Law Society Urge Law Firms To Improve Trainee Salaries

The Law Society has urged all legal firms to adapt their trainee solicitor pay scales so that they fall in line with minimum rates of pay suggested by The Law Society.

Following the Solicitors Regulatory Authority’s (SRA) summer release on trainee salaries, The Law Society have suggested that minimum salaries should increase by 2.6% for trainee solicitors; this would mean that the average starting salary would become £19,619 across the country and £22,121 in London.

The SRA abolished its minimum trainee salary standards in 2014. Since then, the average starting salary for a trainee solicitor has fallen by £560 per year. These figures were based on a substantial data size of 33,000 trainee solicitors between 2011 and 2016.

Despite these figures, SRA research also suggests that more trainees (83%) are happy with the salary they receive in 2016 compared with only 55% of respondents in 2012.

According to Prospects advice on licensed conveyancer salary scales, a trainee’s salary can start from anywhere between £16,000 and £24,000, depending on the skills, qualifications previously obtained, size of firm and a firm’s location.

However, this means that some trainee conveyancers are working £3,619 below the national average; this also equates to £3,059 less than the average loss conveyed by SRA statistics.

Christina Blacklaws, Law Society president, said: “Entry to the profession should be on merit and nobody should face unnecessary financial barriers.

“I urge all law firms to adopt this recommendation for their trainees, which represents a fair salary, and to consider how else they can contribute to greater social mobility to the benefit of their business, society and the profession.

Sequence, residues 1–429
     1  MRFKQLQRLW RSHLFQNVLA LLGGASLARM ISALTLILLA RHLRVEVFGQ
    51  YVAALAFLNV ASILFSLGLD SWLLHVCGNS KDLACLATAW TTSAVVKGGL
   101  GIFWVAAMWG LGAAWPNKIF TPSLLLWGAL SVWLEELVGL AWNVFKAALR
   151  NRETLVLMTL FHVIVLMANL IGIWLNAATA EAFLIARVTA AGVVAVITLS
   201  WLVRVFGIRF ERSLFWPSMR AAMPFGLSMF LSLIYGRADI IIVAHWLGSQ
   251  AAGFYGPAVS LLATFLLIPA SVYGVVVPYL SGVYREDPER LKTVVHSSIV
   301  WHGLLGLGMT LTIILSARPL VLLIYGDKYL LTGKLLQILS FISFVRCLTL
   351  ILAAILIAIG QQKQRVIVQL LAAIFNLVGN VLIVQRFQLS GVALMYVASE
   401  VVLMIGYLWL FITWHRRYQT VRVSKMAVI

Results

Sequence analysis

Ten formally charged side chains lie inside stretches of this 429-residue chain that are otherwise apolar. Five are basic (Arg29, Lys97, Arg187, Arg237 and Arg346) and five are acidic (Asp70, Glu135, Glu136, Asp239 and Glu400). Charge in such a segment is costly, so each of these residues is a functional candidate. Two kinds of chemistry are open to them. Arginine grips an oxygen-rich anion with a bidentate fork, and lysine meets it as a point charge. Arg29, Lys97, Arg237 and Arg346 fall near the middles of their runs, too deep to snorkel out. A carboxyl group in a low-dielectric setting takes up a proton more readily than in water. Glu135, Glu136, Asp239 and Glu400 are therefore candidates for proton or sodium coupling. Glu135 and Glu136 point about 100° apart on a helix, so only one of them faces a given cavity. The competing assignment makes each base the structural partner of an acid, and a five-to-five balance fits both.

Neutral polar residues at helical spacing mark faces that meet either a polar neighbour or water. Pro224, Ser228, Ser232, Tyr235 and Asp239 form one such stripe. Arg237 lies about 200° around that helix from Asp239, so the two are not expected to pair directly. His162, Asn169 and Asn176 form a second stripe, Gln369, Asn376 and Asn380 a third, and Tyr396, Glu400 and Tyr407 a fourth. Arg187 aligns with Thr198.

“Our vision is of a profession in which all solicitors – present and aspiring – can be confident that talent, ability and application are rewarded irrespective of background, gender or ethnicity.”

Amy Clowrey, Junior Lawyers Division, commented: “The JLD is concerned that firms are not paying their trainee solicitors a fair rate.

“We welcome the ongoing support of the Law Society on such an important issue. Access to the profession should be based on merit alone.

“There has been a fall in average pay and the gender pay gap has widened since the minimum salary for trainee solicitors was scrapped, according to data published by the SRA in 2018.

“25% of trainees are paid below the Law Society’s recommended minimum levels according to a recent survey*.

“The JLD urges all employers to pay the Law Society’s recommended minimum salary. This will ensure that talented junior lawyers are not deterred from the profession because of financial barriers.”

Paul Philip, SRA Chief Executive, said: “Given the value of legal services to the UK and significant unmet legal need, it is encouraging that the number of trainees continues to grow and that they are more positive about their futures.

“Although the pay gap between different ethnic groups has reduced since the removal of the minimum salary, it is disappointing that the data again highlights that Black and Asian solicitors are more likely to work in firms that pay less. We will continue to work with others to increase diversity in all types of firms and at all stages in a solicitor’s career.”

Do you support the minimum standard suggested by The Law Society? Or, are there justifiable reasons for a lower training salary?

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